The rejection by a city commission last week of a proposal to use the Los Angeles Zoo to house monkeys used in medical experiments ended several months of controversy. Even animal-rights groups were divided over whether they should cooperate with researchers.
USC had planned to construct and operate a habitat on zoo property for long-term observation of up to 100 monkeys used in a study of histoplasmosis, a disease that can cause blindness in humans. The plan had gained the support of 10 local and national animal-rights groups that historically have opposed all medical experiments using live animals.
But other groups, such as the Animal Liberation Front and Pasadena-based Students United Protesting Research on Sentient Subjects, opposed the plan.
Gretchen Wyler, vice chairwoman of the Fund for Animals Inc., said the relocation of the rhesus and stump-tail monkeys from cages on the USC campus to a more natural zoo habitat would have been the first successful compromise between researchers and animal-rights groups in the country.
Wyler said that, during her 18 years of lobbying for state and national legislation to protect animals from laboratory research, she has never heard of a research group negotiating directly with animal-rights activists for better treatment of research animals.
"I would like to see it as the beginning of a trend," Wyler said. "It's unfortunate that animal-rights groups were divided on this first negotiation. . . .
"The animals lost out. They can't talk, but if they could talk, I believe they would say, 'Move us to the zoo.' "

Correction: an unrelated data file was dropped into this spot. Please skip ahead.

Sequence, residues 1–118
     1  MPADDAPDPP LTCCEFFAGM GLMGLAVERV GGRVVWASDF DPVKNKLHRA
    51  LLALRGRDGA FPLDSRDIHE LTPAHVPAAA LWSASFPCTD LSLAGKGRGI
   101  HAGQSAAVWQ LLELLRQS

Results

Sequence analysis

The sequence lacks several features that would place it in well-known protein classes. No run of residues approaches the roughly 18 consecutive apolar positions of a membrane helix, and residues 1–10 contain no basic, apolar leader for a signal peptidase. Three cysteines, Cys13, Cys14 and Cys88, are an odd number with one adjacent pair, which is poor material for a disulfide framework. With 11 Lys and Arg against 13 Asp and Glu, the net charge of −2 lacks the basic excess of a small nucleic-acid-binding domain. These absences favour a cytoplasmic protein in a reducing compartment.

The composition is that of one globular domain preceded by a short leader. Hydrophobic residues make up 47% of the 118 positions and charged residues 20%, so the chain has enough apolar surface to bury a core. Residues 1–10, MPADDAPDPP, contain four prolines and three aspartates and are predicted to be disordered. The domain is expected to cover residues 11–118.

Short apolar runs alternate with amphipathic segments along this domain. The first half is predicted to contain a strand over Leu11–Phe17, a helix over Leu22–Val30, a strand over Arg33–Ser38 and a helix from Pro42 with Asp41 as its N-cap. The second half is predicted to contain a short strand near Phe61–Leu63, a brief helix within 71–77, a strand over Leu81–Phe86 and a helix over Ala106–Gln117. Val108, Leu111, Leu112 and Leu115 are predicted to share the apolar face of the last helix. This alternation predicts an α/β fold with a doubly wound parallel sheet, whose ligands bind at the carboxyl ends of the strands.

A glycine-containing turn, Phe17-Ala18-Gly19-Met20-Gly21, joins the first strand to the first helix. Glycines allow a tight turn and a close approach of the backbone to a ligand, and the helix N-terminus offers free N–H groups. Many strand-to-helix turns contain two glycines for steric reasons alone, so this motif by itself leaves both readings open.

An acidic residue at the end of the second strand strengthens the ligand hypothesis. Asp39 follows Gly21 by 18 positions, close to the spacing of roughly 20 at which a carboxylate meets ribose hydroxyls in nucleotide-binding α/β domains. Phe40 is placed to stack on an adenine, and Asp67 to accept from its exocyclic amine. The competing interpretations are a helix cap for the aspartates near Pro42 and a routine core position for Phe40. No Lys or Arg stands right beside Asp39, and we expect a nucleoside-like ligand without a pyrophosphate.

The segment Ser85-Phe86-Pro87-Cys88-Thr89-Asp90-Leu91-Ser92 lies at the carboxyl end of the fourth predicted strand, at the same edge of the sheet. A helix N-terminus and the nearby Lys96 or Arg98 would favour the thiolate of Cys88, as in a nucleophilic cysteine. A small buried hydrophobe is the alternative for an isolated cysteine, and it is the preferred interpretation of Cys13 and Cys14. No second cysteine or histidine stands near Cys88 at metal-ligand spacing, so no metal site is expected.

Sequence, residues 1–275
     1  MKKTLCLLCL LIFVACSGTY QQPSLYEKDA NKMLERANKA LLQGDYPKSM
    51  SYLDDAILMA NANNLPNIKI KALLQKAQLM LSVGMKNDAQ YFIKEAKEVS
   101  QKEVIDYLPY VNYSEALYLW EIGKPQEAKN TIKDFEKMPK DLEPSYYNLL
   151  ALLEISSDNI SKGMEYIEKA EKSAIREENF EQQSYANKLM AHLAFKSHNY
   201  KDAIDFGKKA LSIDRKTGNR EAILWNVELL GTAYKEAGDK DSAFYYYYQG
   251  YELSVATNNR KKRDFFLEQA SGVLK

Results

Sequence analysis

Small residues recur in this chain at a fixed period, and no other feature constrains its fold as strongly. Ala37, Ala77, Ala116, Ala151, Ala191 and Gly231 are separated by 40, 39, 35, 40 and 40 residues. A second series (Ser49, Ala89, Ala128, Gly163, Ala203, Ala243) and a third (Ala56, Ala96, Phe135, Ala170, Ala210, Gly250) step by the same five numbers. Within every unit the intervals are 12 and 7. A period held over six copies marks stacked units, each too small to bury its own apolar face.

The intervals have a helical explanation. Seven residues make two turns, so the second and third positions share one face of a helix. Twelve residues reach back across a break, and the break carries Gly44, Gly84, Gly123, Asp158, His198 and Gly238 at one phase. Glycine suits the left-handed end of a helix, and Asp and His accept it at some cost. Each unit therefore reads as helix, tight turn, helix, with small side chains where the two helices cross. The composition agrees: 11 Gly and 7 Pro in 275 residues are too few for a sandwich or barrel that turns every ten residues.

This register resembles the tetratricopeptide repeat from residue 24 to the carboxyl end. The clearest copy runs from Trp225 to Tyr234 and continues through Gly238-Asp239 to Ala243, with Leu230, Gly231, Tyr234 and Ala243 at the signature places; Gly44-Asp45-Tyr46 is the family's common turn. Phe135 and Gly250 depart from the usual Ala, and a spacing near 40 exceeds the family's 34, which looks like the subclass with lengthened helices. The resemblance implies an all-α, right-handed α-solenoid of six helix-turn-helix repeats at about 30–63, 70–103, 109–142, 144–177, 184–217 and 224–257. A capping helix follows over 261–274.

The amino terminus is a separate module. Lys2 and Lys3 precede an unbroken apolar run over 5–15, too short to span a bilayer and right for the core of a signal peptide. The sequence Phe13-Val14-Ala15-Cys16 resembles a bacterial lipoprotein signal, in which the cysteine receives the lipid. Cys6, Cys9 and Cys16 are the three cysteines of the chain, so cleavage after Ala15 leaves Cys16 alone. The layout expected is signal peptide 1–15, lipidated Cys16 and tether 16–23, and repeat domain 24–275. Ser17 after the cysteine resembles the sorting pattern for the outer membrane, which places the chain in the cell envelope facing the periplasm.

Robert C. Benedict, USC's assistant vice president for health affairs, said, "Our sole motive is to provide a more comfortable and natural habitat." Benedict had negotiated an agreement with animal-rights groups in support of the plan in October.
But the Los Angeles Recreation and Park Commission last week unanimously voted to kill the idea, saying it would create unnecessary controversy and conflict with the zoo's purpose of exhibiting exotic and endangered animals.
"The L.A. Zoo could become a research farm as much as it is a zoological institute," said Commissioner J. Stanley Sande. "It's asking us to fundamentally change the character of the zoo."
Opponents of the plan said that, if the USC facility were allowed, other research groups would seek to involve the zoo in experiments using animals. In the past, animal-rights groups have strongly protested cooperation between zoos and medical researchers, especially the sale of surplus zoo animals for vivisection.
"We all want these little creatures out of those tiny cages," television emcee and animal-rights activist Bob Barker said at the commission hearing. "But we don't want to involve the L.A. Zoo with biomedical research."
Elliot Katz, veterinarian and president of a group called In Defense of Animals, which opposed the proposal, told commissioners: "The next step would probably be to house AIDS monkeys."
In the experiments, USC researchers expose one of the monkey's eyes to an organism that causes histoplasmosis, then the monkey is treated with an experimental drug, said Dr. William M. Blackmore, USC's chief veterinarian. The monkeys are observed for one to two years to determine whether they contract the illness, he said.
The research, funded for the last eight years by the National Institutes of Health, is the only study of histoplasmosis in the country, Blackmore said. He estimated that the project will continue for at least five years.
'We Think We're Leaders'
"We believe only in humane research," said Blackmore, who proposed the zoo plan. "We think we're leaders in that area."
Part of the compromise reached with animal-rights groups supporting the plan included the creation of a three-member review committee, including two representatives of animal-protection groups, to oversee the facility. USC also had agreed not to conduct any further experiments on the monkeys once they are placed in the primate compound.
Blackmore said that the researchers are not required to move the monkeys and that the primates will continue to be housed on the USC campus in cages that conform to NIH standards.